- Record Label
- Smoky Carrot Records
About this item
Following on from the remarkable and gloriously haunting single “Oh Mary”, The Border Surrender return with their second EP “Lean Season”. Having firmly established themselves in amongst the fray of the UK’s most exciting new acts, the North London quartet demonstrate their remarkable ability to evolve and build upon their own foundations with this, a mesmerising recording that delicately drifts away from the earlier proclaimed tags of Americana Folk that were drawn upon on their debut EP, and shifts itself towards the other Southern state influences of Blues and Gospel. Released on Smoky Carrot Records, “Lean Season” places itself in the unusual territory of being not only technically comprehensive and steeped in heavily educated influences, but of also being filled with overwhelmingly anthemic choruses and masterful pop driven hooks.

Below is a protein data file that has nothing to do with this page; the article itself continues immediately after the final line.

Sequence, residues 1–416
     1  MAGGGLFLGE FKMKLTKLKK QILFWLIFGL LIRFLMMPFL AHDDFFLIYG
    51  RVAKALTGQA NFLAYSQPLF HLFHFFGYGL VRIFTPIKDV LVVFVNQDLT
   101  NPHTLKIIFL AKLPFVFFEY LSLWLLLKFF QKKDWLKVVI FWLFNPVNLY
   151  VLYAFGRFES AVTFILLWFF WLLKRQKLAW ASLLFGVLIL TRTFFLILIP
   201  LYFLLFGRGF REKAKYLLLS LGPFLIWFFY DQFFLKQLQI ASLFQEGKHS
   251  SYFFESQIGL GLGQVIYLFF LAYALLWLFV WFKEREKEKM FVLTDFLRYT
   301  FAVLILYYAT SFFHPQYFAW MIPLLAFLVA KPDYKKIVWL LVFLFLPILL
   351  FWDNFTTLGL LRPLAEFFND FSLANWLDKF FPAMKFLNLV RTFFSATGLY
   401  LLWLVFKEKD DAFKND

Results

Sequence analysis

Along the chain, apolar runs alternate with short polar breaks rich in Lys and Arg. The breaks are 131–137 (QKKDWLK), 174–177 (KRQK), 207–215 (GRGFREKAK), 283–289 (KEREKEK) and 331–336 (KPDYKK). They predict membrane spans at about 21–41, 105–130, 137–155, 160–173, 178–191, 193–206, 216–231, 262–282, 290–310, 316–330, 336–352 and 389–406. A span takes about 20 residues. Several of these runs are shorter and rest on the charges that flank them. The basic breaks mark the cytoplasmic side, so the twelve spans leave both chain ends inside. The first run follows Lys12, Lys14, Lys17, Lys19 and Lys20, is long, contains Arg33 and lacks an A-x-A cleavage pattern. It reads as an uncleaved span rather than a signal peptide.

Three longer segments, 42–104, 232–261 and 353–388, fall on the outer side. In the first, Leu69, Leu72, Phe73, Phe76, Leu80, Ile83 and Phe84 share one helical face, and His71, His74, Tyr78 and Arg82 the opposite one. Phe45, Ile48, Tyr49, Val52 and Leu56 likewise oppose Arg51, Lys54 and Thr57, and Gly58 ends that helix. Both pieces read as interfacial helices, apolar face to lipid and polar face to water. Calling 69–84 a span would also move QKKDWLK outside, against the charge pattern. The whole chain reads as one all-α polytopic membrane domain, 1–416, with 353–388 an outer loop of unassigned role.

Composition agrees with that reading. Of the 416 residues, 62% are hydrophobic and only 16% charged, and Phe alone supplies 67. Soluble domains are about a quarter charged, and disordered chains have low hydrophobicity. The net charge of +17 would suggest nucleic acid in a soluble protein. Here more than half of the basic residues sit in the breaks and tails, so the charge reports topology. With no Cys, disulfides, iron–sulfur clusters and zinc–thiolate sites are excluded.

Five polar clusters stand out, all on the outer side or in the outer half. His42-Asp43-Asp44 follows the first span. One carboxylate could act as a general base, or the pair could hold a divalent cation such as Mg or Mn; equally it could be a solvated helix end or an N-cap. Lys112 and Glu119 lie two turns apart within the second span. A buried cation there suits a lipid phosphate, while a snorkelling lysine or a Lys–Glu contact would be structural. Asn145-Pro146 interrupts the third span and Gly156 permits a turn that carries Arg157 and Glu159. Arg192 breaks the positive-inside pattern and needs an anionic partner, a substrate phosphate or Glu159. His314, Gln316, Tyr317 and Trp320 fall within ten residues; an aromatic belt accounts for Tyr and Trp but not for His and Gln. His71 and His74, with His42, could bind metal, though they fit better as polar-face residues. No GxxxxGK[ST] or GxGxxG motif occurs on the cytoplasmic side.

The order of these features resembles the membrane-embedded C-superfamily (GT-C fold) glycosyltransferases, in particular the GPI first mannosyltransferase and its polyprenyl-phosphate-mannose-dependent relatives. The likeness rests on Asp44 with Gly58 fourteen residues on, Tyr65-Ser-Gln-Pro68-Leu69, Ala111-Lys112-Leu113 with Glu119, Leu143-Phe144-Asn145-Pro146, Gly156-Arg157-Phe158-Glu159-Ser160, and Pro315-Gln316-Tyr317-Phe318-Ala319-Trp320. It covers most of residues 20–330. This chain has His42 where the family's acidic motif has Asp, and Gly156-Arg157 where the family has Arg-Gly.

Although utterly unique in their production and execution The Border Surrender, to a certain degree, take pride in wearing their influences on their combined sleeve. In fact, each of the four songs included on this record were specifically chosen to represent the different styles and genres that the quartet have drawn upon to create their sound. Opening the EP in magnificent style is the ethereal and euphoric melody of “If You Pass Me By”. Written with the sound of Springsteen’s Nebraska album in mind, but resulting in a more muscular full band sound that has drawn comparisons to The Arcade Fire, this composition is best described as experimental-country, and could be viewed as the centre piece to the entire EP. The lyrics follow the feelings of an unfortunate soul, who can only look on at people enjoying the spoils of success while he walks the streets with his memories of a grand dream that in hindsight and passing looks more like grand delusion. Whereas, the rallying, almost biblical, “Call To Prayer” and the wistful “What Happened at The Estuary” are gleefully infected with an honest Blues tint, which the band proclaim is largely due to a love of modern blues based artists such as The Black Keys and Nick Cave. However, sandwiched between in the middle, we can hear an audible difference in the approach to the more pop-driven folk sound of “The Mariners Wife” whose bouncing verse and joyful chorus sits in stark contrast to the lyrics of its two worn out subjects. These words recall a tale of a retired navy captain, who looks back on his life with a woman who he left his position to marry. She now lives under his shadow and has almost completely lost her own identity, being now constantly referred to as the Mariners wife rather than her own title. On listening to this superlative EP in its entirety, the complexities and comfortable contradictions of each recording truly find their way to the front and mark this out as a highly accomplished and poignant record; one which will no doubt dominate the listeners ear phones for quite a time to come.